(Bloomberg) -- Dutch chipmaker NXP Semiconductors NV has succeeded where other European chipmakers have struggled by focusing on products for the auto industry and mobile payments.
NXP’s $11.8 billion acquisition of Austin, Texas-based Freescale Semiconductor Ltd., announced today, will make the combined company a close second to Texas Instruments Inc. in making chips that turn everyday items into connected devices.
Automotive will be the main driver of the new entity as both companies are major suppliers of chips for use in vehicles. NXP supplies chips that enable communication between cars, as well as between cars and their surroundings, among others, while Freescale supplies sensors that support driver assistance systems through, for example, front- and rear-view cameras.
With the expected acceleration in the development of self-driving cars, demand for the company’s processors and electronics is set to grow exponentially.
The deal is the biggest in almost nine years for the chip industry, since the last time Freescale was acquired.
“We have two challengers giving birth to a giant,” Charles Bordes, a Paris-based analyst of stock research firm AlphaValue, said by phone. The new company is well-positioned both for the so-called Internet of things and the car industry, he said.
NXP’s progress since its 2006 sale by Royal Philips NV in 2006 is a rare success among European chip spinoffs. By comparison, shares of Infineon Technologies AG have plunged 88 percent from the peak after their initial public offering in 1999 as part of Siemens AG. Infineon, in turn, did an IPO of its memory-chip unit Qimonda AG in 2006, and that company filed for insolvency in 2009.
The future of NXP hasn’t always been this bright. In the years following its 2006 sale to KKR & Co. and Bain Capital LLC, the company made consecutive losses and implemented a program to cut annual costs by $650 million. The buyout firms listed NXP on the stock market in 2010 and no longer own shares.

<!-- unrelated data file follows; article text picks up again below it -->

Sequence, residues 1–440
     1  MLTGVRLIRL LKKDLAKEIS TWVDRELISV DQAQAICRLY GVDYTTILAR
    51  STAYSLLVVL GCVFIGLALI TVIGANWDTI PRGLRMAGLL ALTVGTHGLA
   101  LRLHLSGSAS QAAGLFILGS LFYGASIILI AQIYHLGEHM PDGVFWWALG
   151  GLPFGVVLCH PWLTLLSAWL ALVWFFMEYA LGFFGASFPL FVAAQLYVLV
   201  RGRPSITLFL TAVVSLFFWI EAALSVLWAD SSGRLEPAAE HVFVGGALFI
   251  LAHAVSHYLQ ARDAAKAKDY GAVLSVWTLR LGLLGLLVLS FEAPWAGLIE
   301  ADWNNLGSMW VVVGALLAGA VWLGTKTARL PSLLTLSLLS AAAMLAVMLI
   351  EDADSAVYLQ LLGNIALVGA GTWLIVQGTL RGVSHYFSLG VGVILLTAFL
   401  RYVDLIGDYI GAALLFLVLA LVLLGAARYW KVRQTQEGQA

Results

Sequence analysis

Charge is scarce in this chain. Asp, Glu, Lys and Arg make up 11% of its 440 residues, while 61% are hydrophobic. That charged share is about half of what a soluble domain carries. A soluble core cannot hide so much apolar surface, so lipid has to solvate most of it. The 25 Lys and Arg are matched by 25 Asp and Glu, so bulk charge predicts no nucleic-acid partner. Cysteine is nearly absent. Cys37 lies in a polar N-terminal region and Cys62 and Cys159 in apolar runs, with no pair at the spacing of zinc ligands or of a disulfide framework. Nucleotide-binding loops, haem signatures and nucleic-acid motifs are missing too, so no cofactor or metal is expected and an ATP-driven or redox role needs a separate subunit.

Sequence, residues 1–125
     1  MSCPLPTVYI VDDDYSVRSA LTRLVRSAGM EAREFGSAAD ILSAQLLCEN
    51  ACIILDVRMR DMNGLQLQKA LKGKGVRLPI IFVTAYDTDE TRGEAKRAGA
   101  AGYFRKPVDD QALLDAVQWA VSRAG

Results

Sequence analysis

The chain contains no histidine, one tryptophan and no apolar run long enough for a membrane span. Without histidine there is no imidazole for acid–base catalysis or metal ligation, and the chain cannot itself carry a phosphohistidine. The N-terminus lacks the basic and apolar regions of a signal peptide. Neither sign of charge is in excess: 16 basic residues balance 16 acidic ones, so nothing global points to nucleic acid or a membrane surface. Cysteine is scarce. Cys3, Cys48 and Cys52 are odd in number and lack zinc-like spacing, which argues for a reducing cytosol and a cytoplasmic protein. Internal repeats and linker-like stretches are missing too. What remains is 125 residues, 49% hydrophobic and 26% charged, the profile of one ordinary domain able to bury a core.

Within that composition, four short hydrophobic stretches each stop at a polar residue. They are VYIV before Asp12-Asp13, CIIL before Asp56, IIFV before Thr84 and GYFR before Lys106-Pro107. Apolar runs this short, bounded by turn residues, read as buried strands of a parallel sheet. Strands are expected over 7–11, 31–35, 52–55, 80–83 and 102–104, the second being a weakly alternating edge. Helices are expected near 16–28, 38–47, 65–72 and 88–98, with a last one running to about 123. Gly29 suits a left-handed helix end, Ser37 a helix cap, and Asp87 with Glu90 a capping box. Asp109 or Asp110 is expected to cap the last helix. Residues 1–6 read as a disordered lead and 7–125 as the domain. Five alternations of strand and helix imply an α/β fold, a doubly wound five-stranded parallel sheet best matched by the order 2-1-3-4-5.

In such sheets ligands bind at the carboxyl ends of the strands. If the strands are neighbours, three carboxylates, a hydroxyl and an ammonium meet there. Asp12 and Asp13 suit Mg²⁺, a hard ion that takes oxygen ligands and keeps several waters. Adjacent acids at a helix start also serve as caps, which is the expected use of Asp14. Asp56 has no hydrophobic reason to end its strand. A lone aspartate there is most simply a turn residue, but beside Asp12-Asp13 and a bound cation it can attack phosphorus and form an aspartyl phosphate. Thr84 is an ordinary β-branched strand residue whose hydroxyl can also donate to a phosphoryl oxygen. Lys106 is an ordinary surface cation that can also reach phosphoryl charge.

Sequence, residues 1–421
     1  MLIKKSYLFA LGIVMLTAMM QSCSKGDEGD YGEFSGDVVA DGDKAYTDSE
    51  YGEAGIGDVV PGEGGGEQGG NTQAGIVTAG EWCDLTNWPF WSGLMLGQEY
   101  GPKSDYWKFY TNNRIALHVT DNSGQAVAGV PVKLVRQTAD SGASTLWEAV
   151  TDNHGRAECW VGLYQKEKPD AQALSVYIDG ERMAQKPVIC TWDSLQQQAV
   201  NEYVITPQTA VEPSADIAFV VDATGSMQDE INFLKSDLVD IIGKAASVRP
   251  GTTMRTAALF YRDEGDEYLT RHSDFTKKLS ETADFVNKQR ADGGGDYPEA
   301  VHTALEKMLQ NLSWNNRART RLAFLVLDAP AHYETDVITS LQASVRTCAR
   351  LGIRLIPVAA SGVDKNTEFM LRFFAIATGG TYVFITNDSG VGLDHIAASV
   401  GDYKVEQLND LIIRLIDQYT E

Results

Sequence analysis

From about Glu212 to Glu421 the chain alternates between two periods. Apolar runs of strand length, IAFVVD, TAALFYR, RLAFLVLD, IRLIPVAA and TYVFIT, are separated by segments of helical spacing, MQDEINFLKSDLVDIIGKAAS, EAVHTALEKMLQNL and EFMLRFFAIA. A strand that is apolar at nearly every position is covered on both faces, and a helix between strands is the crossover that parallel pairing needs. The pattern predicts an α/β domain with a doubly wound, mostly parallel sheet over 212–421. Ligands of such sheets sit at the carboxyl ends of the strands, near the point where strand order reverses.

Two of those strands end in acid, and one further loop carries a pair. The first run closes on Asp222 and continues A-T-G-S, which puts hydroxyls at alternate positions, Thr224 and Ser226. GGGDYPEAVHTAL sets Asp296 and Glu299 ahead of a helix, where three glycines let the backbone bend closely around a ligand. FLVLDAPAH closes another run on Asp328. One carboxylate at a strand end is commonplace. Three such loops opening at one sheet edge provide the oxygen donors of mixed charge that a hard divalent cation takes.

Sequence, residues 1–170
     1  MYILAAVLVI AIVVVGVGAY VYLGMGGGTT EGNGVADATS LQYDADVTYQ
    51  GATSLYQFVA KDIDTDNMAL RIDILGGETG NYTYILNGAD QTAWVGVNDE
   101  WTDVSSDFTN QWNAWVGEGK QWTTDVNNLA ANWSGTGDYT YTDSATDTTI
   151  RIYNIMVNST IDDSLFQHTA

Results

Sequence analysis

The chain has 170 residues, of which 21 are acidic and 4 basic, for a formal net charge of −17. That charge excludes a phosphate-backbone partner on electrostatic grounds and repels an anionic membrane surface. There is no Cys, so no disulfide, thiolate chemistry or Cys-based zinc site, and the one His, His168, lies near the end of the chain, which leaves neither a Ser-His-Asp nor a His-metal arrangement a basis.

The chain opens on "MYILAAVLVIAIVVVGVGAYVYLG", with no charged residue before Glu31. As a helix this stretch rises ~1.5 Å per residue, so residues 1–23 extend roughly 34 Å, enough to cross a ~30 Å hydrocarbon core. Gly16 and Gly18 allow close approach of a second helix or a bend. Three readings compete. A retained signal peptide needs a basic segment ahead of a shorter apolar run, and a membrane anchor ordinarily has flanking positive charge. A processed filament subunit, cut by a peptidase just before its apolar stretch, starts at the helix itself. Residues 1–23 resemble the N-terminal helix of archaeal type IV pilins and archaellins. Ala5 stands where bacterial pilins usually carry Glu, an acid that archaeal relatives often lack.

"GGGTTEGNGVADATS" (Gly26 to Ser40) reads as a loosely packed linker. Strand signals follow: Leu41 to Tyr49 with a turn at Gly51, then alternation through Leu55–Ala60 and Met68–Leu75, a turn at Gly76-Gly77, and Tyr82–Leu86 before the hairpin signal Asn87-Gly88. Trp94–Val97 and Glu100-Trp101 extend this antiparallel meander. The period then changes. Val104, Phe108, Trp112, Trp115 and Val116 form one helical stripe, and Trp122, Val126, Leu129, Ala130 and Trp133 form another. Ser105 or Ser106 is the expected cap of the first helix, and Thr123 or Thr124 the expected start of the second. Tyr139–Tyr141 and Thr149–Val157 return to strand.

In those years, technology wasn’t the issue, Bordes said -- there just wasn’t a high demand for its applications yet, such as near-field communication chips, which are used in phones, bank cards and public transport cards.
“Now with the payments that are spreading on smartphones there is a demand for much more security,” Bordes said. “NXP has got the knowledge for that.” The increasing use of chips in the automotive industry has been a development of the past few years as well, he said.
“Semiconductors are in a new cycle, there’s strong growth in the industry, in automotive. And you have the Internet of things segment,” Bordes said.
Freescale too used to be part of a bigger company -- it was spun off from Motorola Inc. in 2004, and acquired two years later by by private-equity firms led by Blackstone Group LP for $17.6 billion.
NXP CEO Richard Clemmer will be CEO of the combined company, which will be a larger competitor for Texas Instruments in the markets for analog chips, microcontrollers and other types of semiconductors. Texas Instruments had $13.05 billion in sales last year. NXP’s annual sales will be more than $10 billion before the takeover, the company said.
Shares of Infineon, Germany’s largest chipmaker, are up almost 60 percent in the past two years and the company is pursuing acquisitions. The company bought International Rectifier Corp. this year for about $3 billion.
The deal values Freescale at $36.14 a share in cash and stock based on the Feb. 27 price for NXP. While that’s almost no premium to Freescale’s $36.11 closing price last week, the U.S. company’s shares have more than doubled from an October low, in part on takeover speculation.
Including Freescale’s debt, the purchase price is about $16.7 billion.
Freescale’s biggest customer is Continental AG, the auto supplier based in Hanover, Germany, according to supply-chain data compiled by Bloomberg, while NXP’s customers include Apple Inc. and Samsung Electronics Co.